Orchestration engines allow financial institutions to automate stress testing and standardize the stress testing process.

“This reduces the required time to conduct an enterprise-wide stress test from months to hours and enables banks to produce a richer set of ‘what if’ analyses for management’s consideration,” Agarwal says.

Meanwhile, banks need help tracking a large number of data models. AI model operationalization (ModelOps) helps organizations manage the AI and decision model life cycle.

“Applying leading ModelOps practices to streamline end-to-end model development, testing, and deployment processes in a highly controlled manner minimizes the risk of failures that can derail periodic stress testing exercises,” Agarwal says.

AI Models Help Banks With Stress Testing

 Generative AI holds the potential for banks to access detailed narratives and insights on the results of stress tests, according to Agarwal. Automated reports could deliver info on data discrepancies and anomalies and changes to model inputs since previous stress tests were run, he says.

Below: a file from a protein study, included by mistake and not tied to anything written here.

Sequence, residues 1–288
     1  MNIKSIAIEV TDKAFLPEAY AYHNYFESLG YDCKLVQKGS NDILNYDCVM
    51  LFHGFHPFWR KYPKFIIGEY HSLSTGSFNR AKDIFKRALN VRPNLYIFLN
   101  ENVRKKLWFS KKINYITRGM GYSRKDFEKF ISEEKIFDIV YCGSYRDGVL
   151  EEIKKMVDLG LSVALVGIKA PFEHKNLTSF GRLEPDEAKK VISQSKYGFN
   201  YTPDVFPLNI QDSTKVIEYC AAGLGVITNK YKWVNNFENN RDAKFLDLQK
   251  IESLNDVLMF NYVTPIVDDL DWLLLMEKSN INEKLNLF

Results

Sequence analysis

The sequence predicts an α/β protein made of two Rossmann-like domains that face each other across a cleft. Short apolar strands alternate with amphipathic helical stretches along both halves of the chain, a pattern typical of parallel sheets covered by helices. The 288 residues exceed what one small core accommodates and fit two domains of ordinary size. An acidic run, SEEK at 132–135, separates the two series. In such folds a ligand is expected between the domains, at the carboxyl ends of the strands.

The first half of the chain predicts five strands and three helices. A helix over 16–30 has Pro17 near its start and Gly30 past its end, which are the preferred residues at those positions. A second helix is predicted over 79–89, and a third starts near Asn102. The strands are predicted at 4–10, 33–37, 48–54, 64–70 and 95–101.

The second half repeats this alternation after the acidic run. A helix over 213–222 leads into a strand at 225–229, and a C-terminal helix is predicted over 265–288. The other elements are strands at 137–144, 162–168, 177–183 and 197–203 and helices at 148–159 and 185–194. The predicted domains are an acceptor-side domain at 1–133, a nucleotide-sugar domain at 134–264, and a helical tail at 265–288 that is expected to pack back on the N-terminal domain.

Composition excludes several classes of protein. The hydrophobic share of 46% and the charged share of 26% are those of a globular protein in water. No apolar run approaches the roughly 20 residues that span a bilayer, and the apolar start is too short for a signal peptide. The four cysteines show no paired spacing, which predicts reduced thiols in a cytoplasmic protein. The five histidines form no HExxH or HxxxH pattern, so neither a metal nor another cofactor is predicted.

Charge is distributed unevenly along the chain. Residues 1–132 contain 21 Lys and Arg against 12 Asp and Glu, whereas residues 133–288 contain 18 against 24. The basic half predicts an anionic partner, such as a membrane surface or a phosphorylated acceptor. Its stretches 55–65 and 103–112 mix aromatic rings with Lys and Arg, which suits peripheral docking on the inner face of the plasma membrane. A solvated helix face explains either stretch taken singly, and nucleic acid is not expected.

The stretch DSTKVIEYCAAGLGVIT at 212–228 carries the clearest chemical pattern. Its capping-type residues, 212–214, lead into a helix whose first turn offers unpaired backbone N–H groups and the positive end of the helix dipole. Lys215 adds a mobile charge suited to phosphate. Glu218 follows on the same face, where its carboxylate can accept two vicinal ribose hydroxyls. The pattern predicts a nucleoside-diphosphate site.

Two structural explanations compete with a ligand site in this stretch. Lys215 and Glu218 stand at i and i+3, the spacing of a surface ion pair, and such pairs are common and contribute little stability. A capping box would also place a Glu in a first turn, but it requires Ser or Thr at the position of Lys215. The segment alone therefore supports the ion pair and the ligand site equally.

Banks use AI because of the data-intensive nature of reporting to regulators, but not generative AI for sharing proprietary data, Heffner says.

“This is not the type of data you want to share with ChatGPT,” Heffner says. “It's the kind of data that is really about the function of your organization.”

Banks can train AI models within their own private network and do not share the data with other financial institutions, according to Heffner.

At the PwC Tech Showcase 2023 in New York City last month, Agarwal demoed an AI governance model in a PwC product called Model Edge and discussed how it could be used for bank stress testing during this economic climate.

Agarwal explained how regulators are increasingly auditing algorithms and data models. Banks have models around credit risk decisions and use AI algorithms related to sanctions, anti-money laundering and fraud, according to Agarwal. Regulators test the documentation of AI models for bias and fair lending.